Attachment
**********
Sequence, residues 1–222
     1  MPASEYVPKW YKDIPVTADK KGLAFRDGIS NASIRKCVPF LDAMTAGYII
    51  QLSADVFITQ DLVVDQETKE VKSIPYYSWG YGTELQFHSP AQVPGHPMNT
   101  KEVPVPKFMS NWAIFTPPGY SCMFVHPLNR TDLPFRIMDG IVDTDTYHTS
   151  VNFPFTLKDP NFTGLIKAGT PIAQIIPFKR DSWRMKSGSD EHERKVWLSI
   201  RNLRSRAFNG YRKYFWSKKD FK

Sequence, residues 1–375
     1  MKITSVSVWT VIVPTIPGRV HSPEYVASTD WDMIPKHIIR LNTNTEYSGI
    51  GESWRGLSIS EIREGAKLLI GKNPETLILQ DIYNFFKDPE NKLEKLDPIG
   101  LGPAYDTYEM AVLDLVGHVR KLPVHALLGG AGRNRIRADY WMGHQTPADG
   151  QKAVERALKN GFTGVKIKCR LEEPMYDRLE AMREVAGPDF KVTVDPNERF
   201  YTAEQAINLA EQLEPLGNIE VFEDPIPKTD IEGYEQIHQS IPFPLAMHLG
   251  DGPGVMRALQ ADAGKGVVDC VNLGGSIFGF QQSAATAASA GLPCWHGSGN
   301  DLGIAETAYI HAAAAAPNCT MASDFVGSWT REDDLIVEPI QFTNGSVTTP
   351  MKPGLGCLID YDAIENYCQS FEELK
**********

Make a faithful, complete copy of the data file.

Sequence, residues 1–222
     1  MPASEYVPKW YKDIPVTADK KGLAFRDGIS NASIRKCVPF LDAMTAGYII
    51  QLSADVFITQ DLVVDQETKE VKSIPYYSWG YGTELQFHSP AQVPGHPMNT
   101  KEVPVPKFMS NWAIFTPPGY SCMFVHPLNR TDLPFRIMDG IVDTDTYHTS
   151  VNFPFTLKDP NFTGLIKAGT PIAQIIPFKR DSWRMKSGSD EHERKVWLSI
   201  RNLRSRAFNG YRKYFWSKKD FK

Sequence, residues 1–375
     1  MKITSVSVWT VIVPTIPGRV HSPEYVASTD WDMIPKHIIR LNTNTEYSGI
    51  GESWRGLSIS EIREGAKLLI GKNPETLILQ DIYNFFKDPE NKLEKLDPIG
   101  LGPAYDTYEM AVLDLVGHVR KLPVHALLGG AGRNRIRADY WMGHQTPADG
   151  QKAVERALKN GFTGVKIKCR LEEPMYDRLE AMREVAGPDF KVTVDPNERF
   201  YTAEQAINLA EQLEPLGNIE VFEDPIPKTD IEGYEQIHQS IPFPLAMHLG
   251  DGPGVMRALQ ADAGKGVVDC VNLGGSIFGF QQSAATAASA GLPCWHGSGN
   301  DLGIAETAYI HAAAAAPNCT MASDFVGSWT REDDLIVEPI QFTNGSVTTP
   351  MKPGLGCLID YDAIENYCQS FEELK